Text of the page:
The main road in Colony wasn’t paved until the 60s, and a trip to Hanceville or Arkadelphia wasn’t easy. The residents would get together at church or meet at “platter parties.”

James explained, “Platter parties was basically a guy spinning records and everyone would dance. They’d sell chicken and fish sandwiches. DJs would come up from Birmingham.” 

Back then, Boyd Grocery was the main store and it had a barbershop. Later Mr. Lurie Johnson would open a store with a party place called “The Dew Drop In.” He also cut hair in his barbershop.

“Every week a salesman from Ratliff Wholesale, Mr. Fisher, would come and Mr. Matthew (Boyd) would place their order for milk, flour, sugar, salt and other things he needed. The thing I remember about Johnson’s Dew Drop In is they had Greg’s Cookies in a giant canister with a red lid and lettering.”

The Fields did not venture to Cullman often because of the distance. The main road in Colony was a dirt road and Ophelia said, “Years ago we either walked everywhere or took the wagon.”

James remembered a story about the sons of midwife Kizzie Montgomery Leeth.

James said, “Kizzie married William Leeth. Supposedly, he was a relative to the Leeths from Leeth National Bank in Cullman. That was the story I was told. They had six boys, three of them were very light-skinned and three were very dark-skinned. They used to tell the story about how they’d go to Cullman and the light-skinned brothers could go and sit at the counter at Kuhn’s five-and-dime. The other brothers would be in the corner laughing. I never knew there was a theater around from Vincent Furniture next to the Briscoe Shoe Shop. There used to be a theater right there, but because we couldn’t go to the theater, I never knew.”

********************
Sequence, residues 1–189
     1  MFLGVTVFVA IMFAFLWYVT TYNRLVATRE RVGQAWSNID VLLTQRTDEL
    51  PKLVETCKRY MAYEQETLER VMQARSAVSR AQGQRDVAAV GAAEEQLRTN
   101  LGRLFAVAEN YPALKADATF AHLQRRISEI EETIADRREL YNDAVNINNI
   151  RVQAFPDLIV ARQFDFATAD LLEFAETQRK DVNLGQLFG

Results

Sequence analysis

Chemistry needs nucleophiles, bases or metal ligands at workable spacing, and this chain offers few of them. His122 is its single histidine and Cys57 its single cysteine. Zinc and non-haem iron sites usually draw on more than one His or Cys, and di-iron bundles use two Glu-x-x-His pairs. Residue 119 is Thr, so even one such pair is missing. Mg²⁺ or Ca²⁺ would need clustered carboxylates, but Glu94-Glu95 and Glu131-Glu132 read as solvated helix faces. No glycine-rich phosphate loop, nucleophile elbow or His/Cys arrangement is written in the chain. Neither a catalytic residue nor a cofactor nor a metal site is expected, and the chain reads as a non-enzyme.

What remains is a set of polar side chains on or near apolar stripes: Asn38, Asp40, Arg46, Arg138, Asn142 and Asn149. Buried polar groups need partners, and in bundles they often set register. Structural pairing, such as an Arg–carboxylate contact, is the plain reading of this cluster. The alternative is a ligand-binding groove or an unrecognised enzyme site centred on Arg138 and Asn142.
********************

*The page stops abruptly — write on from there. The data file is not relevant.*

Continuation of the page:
Many changes would come to Colony in the late 60s due to the end of segregation. James was a student at Colony School in 1967 and he explained, “Integration came about and the first year they selected a group to go to Hanceville. The next year, 1968, everyone went to Hanceville. The first year was sort of like a trial. The children that were chosen, from my perspective, were the children that they felt could easily assimilate- clean, parents had a little more than we did. My first formative years, up until I was like 6 or 7, my father worked in the mines, earned a lot of money and always drove brand new cars. I was in sixth grade when I got to Hanceville.”